The driving motor 206 is a motor which rotates in response to command of the controller 18. The motor pinion gear is attached to the rotary shaft of the driving motor 206 so that the motor pinion gear rotates according to the rotation of the driving motor 206. The drive gear A meshes with the motor pinion gear so that the drive gear A rotates according to the rotation of the motor pinion gear. The power transmitting shaft is a shaft for holding the drive gear A. The power transmitting shaft also holds the drive gear B, the torque limiter, and the motor timing control fin coaxially with the drive gear A. Accordingly, the drive gear B and the motor timing control fin rotate according to the rotation of the drive gear A. The torque limiter limits the rotary torque of the drive gear A. The motor control photosensor is a sensor for detecting the rotation speed of the motor timing control fin and feeding back the detection result to the controller 18. Based on the rotation speed detected by the motor control photosensor, the controller 18 controls the output to the driving motor 206.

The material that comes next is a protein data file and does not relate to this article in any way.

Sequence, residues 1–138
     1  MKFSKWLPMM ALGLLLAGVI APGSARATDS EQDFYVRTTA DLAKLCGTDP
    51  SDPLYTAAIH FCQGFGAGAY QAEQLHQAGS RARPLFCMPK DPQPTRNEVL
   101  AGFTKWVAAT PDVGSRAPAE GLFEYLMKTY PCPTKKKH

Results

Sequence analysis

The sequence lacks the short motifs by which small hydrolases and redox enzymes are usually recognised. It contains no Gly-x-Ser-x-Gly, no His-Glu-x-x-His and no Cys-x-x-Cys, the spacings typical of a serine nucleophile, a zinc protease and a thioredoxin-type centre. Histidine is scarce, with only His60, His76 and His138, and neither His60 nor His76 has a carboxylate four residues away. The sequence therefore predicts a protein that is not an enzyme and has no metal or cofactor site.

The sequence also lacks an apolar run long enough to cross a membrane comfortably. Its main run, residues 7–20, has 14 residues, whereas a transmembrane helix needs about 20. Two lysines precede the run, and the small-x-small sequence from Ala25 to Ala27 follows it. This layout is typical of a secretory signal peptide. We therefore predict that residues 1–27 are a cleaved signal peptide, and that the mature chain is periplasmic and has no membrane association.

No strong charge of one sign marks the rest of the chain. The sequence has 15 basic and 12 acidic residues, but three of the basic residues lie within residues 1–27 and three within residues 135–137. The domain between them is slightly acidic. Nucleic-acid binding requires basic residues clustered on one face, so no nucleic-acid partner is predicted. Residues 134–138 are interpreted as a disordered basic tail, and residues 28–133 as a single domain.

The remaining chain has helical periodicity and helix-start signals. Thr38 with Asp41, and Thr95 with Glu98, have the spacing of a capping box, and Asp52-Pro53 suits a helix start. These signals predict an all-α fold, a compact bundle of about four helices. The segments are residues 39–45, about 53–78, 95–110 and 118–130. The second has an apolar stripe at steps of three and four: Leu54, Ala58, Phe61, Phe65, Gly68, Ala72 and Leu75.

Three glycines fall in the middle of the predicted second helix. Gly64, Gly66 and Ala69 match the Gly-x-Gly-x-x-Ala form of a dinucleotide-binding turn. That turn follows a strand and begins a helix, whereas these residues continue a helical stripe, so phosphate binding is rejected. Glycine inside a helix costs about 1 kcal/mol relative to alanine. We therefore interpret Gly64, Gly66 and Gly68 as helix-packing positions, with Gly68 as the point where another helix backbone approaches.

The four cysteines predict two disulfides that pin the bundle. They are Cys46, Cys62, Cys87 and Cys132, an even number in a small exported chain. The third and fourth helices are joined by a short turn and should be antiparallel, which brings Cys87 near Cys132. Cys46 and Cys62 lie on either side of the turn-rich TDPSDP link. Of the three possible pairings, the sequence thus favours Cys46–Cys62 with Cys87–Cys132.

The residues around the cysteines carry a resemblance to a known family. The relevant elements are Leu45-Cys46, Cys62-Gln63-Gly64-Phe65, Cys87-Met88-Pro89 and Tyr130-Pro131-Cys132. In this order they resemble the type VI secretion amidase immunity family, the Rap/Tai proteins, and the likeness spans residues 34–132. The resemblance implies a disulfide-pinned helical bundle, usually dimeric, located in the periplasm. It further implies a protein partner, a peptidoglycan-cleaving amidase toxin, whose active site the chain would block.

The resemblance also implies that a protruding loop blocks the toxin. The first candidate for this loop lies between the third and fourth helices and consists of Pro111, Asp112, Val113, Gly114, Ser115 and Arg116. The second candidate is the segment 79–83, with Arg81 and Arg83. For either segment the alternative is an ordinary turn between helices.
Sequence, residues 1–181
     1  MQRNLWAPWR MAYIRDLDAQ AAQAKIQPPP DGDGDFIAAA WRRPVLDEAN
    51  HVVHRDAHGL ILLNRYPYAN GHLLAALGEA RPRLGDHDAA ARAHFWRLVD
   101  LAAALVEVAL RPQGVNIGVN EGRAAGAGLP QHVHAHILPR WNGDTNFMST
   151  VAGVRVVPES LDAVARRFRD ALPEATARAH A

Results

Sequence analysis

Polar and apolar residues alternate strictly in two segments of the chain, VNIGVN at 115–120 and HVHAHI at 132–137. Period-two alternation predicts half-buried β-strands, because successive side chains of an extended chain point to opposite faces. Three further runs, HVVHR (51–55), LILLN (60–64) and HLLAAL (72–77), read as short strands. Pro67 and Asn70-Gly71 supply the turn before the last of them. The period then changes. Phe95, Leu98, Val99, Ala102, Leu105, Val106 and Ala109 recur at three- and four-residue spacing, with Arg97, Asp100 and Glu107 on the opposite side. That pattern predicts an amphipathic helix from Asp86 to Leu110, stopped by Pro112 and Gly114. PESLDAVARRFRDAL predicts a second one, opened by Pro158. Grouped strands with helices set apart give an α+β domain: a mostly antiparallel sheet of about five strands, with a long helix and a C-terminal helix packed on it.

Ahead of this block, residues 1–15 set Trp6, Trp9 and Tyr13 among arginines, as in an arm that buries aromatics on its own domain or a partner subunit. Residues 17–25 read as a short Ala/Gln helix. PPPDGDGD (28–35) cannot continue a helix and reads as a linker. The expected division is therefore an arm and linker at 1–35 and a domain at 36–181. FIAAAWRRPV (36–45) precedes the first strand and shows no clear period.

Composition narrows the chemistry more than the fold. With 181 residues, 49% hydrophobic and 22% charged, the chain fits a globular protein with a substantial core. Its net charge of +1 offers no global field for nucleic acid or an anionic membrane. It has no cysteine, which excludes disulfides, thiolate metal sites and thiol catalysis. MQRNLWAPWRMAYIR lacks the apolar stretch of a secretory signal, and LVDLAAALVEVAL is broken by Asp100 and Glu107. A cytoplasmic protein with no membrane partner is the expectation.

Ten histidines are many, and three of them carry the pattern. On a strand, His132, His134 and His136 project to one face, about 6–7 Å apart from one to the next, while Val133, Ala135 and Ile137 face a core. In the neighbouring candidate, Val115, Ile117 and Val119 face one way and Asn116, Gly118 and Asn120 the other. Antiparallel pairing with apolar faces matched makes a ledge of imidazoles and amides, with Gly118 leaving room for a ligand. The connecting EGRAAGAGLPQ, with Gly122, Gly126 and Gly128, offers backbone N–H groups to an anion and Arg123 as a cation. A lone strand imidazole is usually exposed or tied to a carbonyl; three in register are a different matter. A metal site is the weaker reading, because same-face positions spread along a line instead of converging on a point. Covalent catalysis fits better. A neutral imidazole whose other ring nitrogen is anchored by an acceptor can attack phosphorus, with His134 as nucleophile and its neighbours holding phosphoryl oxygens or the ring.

The two idler gears are gears for alignment of the drum drive gear. For mounting the ink receiving unit 14 to the main body 12, the two idler gears mesh with the drum drive gear on the ink receiving unit 14 and the drive gear B on the main body 12. Accordingly, the drum drive gear rotates according to the rotation of the drive gear B. The drum shaft is a shaft for holding the drum drive gear and the wire drum 208 coaxially. The wire drum 208 is a drum on which the wire 108 is wound. As the wire drum 208 rotates according to the rotation of the drum drive gear, the wire drum 208 moves the wire 108, to which the wiper member 104 is attached, according to the output of the driving motor 206. The pulleys C are disposed between the wire drum and the ink receiver 102 and cooperate together with the turn-around pulley A and the turn-around pulleys B, arranged on the opposite side of the ink receiver 102, to position the wire 108 such that the wire 108 extends along the ink receiver 102 with some tension.